The period setting really worked (the choice of combative US president felt inevitable) and I enjoyed the sharp contrast between the past and the present. One of the best things about the X-Men has always been the way it showcases the persecution and marginalisation of minority groups in society. This film really delivered for me on the complexities of being part of a maligned group and the hard choices to be made between turning the other cheek and fighting back. While a peaceful resolution is clearly preferred, the film allows us to understand Mystique and Magneto’s reasons for feeling like fighting fire with fire is their only option and gives its leads complicated morality codes.

While First Class was good, the return of Singer at the helm does add a richness to the film. The humour, casting, acting and action were all on point and I can’t wait to see what this team does with the Apocalypse story.

 

*There will be several film reviews coming up as I have been to the cinema a LOT recently – you have been warned!

 

 

Throwback Thursday: Pop Arts Revisits… Musicology!

Good day all; apologies for the missing TBT article last week – hectic life stuff got in the way and I forgot to post it!

This week I talk about my favourite of all things: Prince. Specifically, the first Prince album I ever owned that  truly made me realise his greatness. The album that’s this week’s throwback is Musicology.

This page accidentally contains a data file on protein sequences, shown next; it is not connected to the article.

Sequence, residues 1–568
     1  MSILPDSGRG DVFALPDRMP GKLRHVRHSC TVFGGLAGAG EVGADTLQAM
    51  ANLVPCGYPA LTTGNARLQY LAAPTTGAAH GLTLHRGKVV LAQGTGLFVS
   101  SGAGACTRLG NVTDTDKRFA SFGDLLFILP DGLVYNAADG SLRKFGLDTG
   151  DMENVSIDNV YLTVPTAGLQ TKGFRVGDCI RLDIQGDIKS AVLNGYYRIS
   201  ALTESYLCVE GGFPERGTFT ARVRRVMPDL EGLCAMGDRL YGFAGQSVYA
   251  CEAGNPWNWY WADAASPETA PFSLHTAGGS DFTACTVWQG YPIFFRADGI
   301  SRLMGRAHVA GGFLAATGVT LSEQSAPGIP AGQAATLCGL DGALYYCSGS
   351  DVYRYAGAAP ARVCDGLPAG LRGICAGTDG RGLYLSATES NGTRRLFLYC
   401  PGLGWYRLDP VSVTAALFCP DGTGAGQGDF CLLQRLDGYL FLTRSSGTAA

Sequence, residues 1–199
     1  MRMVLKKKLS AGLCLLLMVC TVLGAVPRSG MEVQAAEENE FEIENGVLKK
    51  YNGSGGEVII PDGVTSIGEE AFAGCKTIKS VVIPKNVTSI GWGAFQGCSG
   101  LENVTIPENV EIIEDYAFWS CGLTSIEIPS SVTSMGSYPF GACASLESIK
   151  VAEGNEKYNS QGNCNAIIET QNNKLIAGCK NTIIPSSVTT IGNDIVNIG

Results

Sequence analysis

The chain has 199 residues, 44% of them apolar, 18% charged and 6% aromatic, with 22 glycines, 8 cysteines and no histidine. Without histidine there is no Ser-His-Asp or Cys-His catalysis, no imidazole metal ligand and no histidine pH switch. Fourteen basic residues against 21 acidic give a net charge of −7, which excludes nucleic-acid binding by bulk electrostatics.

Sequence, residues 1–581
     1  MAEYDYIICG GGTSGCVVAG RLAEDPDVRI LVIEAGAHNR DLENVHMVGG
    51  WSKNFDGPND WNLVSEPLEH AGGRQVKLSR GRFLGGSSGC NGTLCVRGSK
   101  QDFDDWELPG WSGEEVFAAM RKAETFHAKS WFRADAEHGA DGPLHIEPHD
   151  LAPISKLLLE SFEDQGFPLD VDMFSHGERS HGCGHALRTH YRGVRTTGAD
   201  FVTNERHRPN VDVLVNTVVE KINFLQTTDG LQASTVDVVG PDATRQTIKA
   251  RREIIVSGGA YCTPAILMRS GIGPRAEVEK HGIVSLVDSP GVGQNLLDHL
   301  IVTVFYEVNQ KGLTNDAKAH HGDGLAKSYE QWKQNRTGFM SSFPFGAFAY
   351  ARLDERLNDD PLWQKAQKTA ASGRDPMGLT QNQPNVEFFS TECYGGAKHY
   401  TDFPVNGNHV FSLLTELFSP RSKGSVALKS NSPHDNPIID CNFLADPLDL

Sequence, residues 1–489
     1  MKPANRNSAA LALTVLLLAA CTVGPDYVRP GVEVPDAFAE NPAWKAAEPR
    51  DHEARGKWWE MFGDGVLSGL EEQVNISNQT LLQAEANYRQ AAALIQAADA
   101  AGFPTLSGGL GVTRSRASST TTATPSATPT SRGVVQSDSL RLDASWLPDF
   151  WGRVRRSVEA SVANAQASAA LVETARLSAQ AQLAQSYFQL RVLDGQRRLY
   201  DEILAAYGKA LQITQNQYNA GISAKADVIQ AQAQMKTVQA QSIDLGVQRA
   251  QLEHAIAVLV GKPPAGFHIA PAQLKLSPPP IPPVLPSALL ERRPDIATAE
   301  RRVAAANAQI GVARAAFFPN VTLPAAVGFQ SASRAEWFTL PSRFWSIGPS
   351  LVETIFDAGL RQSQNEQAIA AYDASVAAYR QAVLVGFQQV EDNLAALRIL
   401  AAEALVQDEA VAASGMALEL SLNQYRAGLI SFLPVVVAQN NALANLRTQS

You guys, I listened and I fell in love. It was like a revelation to me. I vaguely knew of the Prince big hitters, ‘Kiss’, ‘1999’ and ‘When Doves Cry’, primarily, but this album sparked a whole new feeling. I initially wanted to impress a boy  (look, I know that’s terrible, but I was 15, ok?). Said cute boy got me to listen to ‘A Sign of the Times’ and I was hooked. Here was an artist creating songs that were both musically interesting and powerful. Musicology came out not long after and I grabbed and listened to it over and over, like my life depended on it. This was Prince’s most successful album for many years and it’s easy to see why. It’s just so damn funky.

See, Prince is excited too!